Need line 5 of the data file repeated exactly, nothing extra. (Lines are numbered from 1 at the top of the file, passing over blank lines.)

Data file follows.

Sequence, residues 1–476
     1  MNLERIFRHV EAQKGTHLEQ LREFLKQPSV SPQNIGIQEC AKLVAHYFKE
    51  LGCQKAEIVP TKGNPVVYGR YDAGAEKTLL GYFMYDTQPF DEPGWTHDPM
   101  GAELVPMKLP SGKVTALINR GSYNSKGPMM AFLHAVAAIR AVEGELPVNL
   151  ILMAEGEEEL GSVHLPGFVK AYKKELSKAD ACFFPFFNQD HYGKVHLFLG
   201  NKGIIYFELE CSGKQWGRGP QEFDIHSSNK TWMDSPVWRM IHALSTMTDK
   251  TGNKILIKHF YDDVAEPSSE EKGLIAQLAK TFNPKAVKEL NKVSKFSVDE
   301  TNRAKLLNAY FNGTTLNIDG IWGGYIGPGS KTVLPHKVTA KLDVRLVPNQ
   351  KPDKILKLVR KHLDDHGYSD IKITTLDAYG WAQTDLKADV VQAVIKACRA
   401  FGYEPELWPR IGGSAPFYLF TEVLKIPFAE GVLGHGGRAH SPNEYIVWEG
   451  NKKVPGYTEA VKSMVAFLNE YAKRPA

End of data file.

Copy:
   151  ILMAEGEEEL GSVHLPGFVK AYKKELSKAD ACFFPFFNQD HYGKVHLFLG